From: León Valencia, for @infobae Translation: María Victoria Ramírez
Regardless of what happens this Sunday 19th of June 2022 in the presidential elections in Colombia, Francia Márquez is the great phenomenon of the political campaign that is ending. If she reaches the vice presidency of the country, she will give everything to talk about in the next four years, if she does not achieve it, with her barely 41 years, she will be at the top to pursue a political career that will take her very far.
But this is not the most important. The most valuable thing is the meaning of her political rise. From now on, a black man or woman, an indigenous person, a peasant, born in the most remote place, in the harshest conditions of poverty, will be able to dream of reaching the highest positions in the nation. The nobodies, as France called them, in that powerful variation of the language of identity. People who had succeeded in sports or in less visible professions, but very little or nothing at all in politics.
I met this woman at an event of the Friedrich Ebert Stiftung Foundation, in the days when she was competing in the consultation to choose the presidential candidate for the Pacto Histórico (Historic Pact). I was impressed by her certainty and self-confidence. In a spontaneous and fleeting conversation, she answered with few words to a question I asked her.
I had some disagreements with Gustavo Petro because of the way the lists were being configured for Congress and I asked her if she was thinking of looking for another political path. She told me she would not go anywhere because she had the mission of representing in that movement a multitude of people who had never had anyone to make their claims and aspirations heard. Then I set about finding out who went to her meetings and what it felt like at the rallies, assemblies, and demonstrations that she presided over. Feminists, environmentalists, blacks, indigenous people, gays, lesbians, trans, the different, the forgotten or segregated minorities come together, it is a representation of the ignored or harassed country. That's what they told me. But you don't feel the pain of exclusion, but the joy of claiming it. She represents joy and dignity, they told me.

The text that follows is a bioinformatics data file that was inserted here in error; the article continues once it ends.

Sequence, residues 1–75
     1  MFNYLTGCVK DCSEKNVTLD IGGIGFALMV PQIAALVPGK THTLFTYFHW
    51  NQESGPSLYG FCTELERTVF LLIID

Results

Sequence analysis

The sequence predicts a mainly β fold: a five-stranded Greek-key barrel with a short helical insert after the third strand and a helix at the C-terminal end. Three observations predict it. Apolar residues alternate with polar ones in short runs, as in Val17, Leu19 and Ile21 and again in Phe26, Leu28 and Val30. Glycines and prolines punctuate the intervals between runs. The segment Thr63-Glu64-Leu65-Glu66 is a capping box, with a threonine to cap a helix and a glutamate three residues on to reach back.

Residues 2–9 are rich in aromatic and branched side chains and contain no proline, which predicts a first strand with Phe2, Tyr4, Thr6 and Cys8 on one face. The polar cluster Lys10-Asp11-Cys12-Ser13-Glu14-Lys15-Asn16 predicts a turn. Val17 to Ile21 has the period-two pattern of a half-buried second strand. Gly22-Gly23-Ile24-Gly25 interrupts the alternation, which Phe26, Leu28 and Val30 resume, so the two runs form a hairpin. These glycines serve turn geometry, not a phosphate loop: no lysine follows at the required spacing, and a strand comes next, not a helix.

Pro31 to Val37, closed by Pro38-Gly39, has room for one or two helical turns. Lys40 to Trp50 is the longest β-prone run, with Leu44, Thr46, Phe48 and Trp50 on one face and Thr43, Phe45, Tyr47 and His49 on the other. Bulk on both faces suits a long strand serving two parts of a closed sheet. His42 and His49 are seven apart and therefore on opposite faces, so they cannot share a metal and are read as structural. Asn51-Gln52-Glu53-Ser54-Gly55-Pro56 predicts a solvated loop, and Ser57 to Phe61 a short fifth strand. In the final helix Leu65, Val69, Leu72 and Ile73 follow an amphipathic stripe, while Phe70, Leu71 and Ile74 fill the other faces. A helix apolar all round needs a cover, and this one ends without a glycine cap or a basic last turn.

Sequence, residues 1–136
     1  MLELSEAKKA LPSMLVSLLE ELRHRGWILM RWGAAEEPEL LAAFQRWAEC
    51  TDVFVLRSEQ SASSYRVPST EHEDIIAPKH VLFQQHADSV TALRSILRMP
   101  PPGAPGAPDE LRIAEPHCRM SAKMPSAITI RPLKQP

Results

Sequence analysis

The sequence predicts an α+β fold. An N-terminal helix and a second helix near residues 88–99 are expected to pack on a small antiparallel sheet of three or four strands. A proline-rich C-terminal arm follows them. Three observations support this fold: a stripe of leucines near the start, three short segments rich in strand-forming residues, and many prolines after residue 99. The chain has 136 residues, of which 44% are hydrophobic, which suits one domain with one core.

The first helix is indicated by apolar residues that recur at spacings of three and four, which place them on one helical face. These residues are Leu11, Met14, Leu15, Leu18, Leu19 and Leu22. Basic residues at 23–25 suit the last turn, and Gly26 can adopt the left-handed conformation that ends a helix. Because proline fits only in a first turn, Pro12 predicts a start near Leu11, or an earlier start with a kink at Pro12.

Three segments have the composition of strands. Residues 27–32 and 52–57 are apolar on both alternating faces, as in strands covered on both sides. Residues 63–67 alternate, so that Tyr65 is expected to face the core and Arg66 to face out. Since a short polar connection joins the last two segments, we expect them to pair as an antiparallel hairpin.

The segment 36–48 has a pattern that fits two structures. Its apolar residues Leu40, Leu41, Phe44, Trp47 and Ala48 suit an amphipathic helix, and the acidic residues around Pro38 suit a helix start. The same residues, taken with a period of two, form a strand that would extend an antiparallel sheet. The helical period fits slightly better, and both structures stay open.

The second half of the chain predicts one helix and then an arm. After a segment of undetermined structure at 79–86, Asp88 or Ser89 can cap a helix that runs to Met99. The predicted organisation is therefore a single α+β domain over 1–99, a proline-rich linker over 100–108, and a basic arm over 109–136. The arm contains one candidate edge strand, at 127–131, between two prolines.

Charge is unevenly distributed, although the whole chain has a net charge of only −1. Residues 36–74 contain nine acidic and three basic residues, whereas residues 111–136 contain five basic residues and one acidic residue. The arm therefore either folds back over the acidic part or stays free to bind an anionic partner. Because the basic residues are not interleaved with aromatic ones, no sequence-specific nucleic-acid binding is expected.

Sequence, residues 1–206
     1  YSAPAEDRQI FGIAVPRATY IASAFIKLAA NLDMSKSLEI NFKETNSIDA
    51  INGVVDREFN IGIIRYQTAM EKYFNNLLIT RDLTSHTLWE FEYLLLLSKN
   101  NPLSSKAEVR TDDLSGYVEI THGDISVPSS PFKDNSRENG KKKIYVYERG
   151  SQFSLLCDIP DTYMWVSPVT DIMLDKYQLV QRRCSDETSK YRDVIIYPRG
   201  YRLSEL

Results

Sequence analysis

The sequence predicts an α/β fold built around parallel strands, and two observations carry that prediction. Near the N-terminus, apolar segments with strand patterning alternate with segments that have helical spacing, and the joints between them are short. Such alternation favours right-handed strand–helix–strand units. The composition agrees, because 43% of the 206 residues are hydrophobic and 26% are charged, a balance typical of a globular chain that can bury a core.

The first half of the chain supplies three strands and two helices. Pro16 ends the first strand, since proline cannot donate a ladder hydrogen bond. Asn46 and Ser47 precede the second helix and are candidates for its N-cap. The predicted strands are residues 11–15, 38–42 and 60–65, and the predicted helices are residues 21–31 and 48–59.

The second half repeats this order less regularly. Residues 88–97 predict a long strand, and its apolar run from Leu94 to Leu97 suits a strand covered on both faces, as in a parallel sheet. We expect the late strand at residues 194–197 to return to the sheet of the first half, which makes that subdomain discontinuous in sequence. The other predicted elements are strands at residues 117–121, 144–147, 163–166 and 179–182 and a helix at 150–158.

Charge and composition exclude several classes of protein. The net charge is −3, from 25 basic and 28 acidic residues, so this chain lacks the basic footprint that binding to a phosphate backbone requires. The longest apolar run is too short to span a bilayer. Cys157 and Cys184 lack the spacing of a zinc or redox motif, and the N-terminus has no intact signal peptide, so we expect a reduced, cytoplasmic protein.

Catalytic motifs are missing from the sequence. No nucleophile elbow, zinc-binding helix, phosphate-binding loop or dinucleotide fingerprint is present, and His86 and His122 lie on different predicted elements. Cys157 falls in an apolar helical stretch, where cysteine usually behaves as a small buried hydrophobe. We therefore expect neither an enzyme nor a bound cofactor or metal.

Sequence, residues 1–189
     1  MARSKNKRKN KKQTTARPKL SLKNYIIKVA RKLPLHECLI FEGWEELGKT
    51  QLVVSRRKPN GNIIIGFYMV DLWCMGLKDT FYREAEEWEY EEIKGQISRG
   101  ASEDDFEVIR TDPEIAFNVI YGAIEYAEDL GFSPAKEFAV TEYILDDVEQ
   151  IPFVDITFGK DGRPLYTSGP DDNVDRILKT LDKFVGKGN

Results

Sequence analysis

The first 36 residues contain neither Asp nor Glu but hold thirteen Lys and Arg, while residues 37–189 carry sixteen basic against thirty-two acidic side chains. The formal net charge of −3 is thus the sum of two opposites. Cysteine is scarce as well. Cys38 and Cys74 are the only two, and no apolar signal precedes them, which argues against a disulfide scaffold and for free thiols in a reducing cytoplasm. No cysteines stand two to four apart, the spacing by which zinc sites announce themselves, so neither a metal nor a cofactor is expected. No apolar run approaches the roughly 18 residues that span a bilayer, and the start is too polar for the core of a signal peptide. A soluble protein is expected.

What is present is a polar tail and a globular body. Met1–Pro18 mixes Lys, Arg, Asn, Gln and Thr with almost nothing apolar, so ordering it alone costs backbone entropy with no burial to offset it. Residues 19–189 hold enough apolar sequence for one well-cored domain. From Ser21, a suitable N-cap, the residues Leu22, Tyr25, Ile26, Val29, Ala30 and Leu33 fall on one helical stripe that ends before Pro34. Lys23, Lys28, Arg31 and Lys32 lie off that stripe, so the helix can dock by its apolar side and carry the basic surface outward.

Later I saw that dignity and that joy in her responses to the insults she received in the middle of the campaign. Like the one to President Duque: "What bothers the President of the Republic is that a woman who could be at home working as a service employee is going to be her vice president." Or what she said to Marbelle (a Colombian pop singer), after she compared Frarncia to King Kong in a singular act of racism and disparaged her qualities. Dear Marbelle -she told her- I don't understand how you hate me without knowing me, how you mistrust me if we've never had the opportunity to forge a friendly relationship. There is not only dignity and joy in Francia’s responses. There is intelligence and knowledge. In many different interviews, she has answered the questions appropriately, especially on the issues that have been her passion: the effects on the environment, gender equity, sexual diversity, the gaps between the centre and the regions, social marginality. She has also screwed up, like when she said - listing the products Colombia was importing due to the crisis in agriculture - that the eggs came from Germany. But that is a minor blunder compared to the muddy ones of the presidential candidates in this tragicomic campaign that we have suffered.
I don't think I'm exaggerating if I say that we are facing a true epic of a black woman, a single mother, from a distant town, whose most likely destiny was to be a servant in the home of rich people in that conservative and stately Cali. With her begins, perhaps, the great epic of the nobodies in a racist, exclusive and fiercely unequal Colombia that has not managed to jump into the 21st century.